Pride, shame, guilt,


24 months:
Parallel play Increase attention span


Voluntary control of anal and urethral sphincters

After child starts walking (18-24mths)

Recognizes need of parent that they need to hold on Parents recommended to start training earlier than 30 months

Gross motor skills mastered Able to communicate

Nurse helps identify signs of readiness Girls ready 2-3 months before boys


Physical Readiness:
Voluntary control of anal and

Express willingness to

urethral sphincters Able to stay dry for 2 hrs Regular bowel movements Gross motor skills: sitting, walking, squatting Fine motor skills to remove Parental readiness: clothing Recognize the childs level Mental readiness: of readiness Recognizing urge to go Willingness to invest time to Verbal/nonverbal toilet train communication to indicate Absence of family stress or when wet or need to go change Cognitive skills to do the action and follow directions

please parentf Ability to sit on toilet for 5-10 minutes straight Curious about other peoples toilet habits Impatience with soiled/wet diapers

Psychologic readiness:

Temper Tantrums

Assertion of independence and inability to control emotions Manifestations:

Lying on the floor Kicking Screaming Holding their breath

Consistency and developmentally appropriate expectations and

rewards Prioritize important rules Develop reasonable consequences Ignoring behaviour during tantrums Be present to show control and security Practice appropriate positive reinforcement during periods of no tantrum Offer options vs all or none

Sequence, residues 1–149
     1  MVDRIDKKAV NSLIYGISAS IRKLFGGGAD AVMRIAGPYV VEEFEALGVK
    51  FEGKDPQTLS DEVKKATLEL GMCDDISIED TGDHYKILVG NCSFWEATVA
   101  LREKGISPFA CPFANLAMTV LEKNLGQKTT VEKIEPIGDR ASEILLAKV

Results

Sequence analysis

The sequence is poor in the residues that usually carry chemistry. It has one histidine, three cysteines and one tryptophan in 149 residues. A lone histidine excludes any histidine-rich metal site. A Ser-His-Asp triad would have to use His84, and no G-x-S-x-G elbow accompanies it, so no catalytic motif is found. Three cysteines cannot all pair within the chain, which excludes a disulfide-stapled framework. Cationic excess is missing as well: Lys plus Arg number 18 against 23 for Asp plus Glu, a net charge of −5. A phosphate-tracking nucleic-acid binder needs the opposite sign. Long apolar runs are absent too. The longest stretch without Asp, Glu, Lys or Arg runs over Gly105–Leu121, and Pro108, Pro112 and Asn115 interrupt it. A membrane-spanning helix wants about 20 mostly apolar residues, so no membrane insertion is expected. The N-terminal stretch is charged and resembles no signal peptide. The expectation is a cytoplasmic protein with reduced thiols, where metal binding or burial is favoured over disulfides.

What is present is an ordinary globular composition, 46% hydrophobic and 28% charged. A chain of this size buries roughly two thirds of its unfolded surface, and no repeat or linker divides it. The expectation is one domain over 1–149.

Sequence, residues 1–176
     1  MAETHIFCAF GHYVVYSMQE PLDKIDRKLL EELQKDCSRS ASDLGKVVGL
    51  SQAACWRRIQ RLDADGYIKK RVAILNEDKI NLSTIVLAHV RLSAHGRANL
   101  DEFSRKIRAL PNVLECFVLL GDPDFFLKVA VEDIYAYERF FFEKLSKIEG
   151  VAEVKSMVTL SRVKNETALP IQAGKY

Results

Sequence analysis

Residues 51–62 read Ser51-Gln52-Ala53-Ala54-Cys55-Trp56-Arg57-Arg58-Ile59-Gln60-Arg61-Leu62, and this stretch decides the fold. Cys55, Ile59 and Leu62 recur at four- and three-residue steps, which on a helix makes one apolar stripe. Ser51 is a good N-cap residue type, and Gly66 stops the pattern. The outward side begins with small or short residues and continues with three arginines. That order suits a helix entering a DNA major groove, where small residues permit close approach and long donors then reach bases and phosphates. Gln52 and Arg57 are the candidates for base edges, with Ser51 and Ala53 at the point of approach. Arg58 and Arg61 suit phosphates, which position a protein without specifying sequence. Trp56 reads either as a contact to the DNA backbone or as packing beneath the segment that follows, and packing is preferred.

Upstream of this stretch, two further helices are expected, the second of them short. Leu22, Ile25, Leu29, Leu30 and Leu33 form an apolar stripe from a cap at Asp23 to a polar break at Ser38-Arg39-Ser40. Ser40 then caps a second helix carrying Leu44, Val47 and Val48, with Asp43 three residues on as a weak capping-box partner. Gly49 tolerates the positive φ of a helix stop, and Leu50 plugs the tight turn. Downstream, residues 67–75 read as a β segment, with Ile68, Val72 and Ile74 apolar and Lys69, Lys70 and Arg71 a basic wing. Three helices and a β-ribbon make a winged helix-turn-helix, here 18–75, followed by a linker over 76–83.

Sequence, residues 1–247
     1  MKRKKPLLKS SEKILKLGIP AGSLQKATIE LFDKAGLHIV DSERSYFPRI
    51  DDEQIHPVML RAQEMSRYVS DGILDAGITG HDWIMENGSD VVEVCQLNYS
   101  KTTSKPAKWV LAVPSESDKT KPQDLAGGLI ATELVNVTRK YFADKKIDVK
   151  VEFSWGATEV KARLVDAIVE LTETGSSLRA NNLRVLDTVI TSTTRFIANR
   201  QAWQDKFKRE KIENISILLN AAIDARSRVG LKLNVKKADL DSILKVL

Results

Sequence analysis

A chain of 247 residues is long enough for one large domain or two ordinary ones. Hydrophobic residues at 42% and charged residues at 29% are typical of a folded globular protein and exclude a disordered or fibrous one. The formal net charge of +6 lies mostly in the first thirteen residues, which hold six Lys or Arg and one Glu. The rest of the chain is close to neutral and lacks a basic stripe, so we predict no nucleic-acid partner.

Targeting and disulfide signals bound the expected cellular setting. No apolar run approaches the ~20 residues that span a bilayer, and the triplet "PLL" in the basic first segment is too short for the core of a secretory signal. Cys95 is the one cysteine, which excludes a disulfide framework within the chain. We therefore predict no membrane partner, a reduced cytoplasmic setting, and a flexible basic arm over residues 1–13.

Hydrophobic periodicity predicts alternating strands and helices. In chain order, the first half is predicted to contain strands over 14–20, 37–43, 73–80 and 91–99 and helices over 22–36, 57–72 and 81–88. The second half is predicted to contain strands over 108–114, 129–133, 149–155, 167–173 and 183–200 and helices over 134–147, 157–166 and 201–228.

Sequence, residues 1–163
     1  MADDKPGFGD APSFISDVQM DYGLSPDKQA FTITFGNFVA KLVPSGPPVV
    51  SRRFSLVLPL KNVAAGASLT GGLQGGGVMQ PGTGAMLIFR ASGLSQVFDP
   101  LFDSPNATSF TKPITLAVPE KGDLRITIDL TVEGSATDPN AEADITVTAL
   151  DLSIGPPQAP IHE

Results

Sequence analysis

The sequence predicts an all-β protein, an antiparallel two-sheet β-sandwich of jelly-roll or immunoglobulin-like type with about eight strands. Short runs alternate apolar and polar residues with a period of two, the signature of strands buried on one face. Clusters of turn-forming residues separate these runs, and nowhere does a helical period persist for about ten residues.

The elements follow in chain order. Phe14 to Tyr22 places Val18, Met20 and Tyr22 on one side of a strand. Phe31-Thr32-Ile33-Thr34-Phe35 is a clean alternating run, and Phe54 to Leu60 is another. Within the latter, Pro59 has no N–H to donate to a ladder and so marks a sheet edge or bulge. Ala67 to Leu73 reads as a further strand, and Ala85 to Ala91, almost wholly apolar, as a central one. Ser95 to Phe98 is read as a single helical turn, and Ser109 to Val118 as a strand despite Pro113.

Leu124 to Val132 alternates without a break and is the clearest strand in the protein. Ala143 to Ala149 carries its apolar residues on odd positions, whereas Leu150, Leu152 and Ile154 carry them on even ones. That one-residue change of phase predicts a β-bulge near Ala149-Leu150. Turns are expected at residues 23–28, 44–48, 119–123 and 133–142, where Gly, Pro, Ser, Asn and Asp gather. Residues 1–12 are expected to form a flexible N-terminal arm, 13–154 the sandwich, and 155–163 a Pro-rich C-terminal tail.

Persistent no response
Assertion of self-control

Reduce opportunities for a no response Eg. Its time to go to sleep vs do you want

to sleep now? Give an option to choose between 2 things

Or make choice for the child


Occurs when discomfort/stress

Revert to behaviours that were successful

before Stress caused by threat to autonomy, unsuccessful attempts to master tasks I cant cope with this and perfect this skill, but I will if given with patience and understanding

Ignore regressive behaviour and praise existing

behaviour Dont add stress by setting expectations or new stressors

Preparing for Physical Assessment

Sitting or standing on or by parent Prone or supine in parents lap


Parent removes clothing Underwear removed Allow child to handle equipment Perform quickly if uncooperative Praise cooperative behaviour

Nursing Interventions

Growth Measurements
Height Head circumference

Physiologic Measurements:
Temperature: 1-2 yrs: axillary, rectal 2-3 yrs: axillary, tympanic, oral, rectal Know normal values for BP, HR, RR

Approach to Assessment

examine on parents lap if uncomfortable use play therapy distract with stories

Let toddler play with equipment

Call them by name Praise frequently Quickly do exam


Let them explore in an environment thats safe routines are very important they will start to ask about their care/illness parents are most important people to them

Stressors of Hospitalizations and Toddlers Reactions

Separation anxiety aka anaclitic depression

3 phases: Protest: crying, screaming, clinging, avoiding/rejecting contact with strangers, verbally/physically attacking strangers, attempt to escape, attempt to force parent to stay Despair: inactivity, withdrawal, depression, lack of interest, regressive behaviour, uncommunicative, refusal to eat, drink or move Detachment: increased interest in environment, interact with strangers, form new relationships, appearing happy

Hospitalization and Loss of Control

Result from:
restrictions or limitations (movement,

isolation, illness) Altered routines and rituals

May regress

Enforced dependency Sick role

Severe in chronic, long-term illnesses

Separation from parents Result in negativism


Perry, S., Hockenberry, M., Lowdermilk, D., Wilson, D., Wong, D. (2010) Maternal Child Nursing Care. Maryland Heights, Missouri. Pgs 888,1019-1022, 1028-1029, 1161-1162, 1248-1249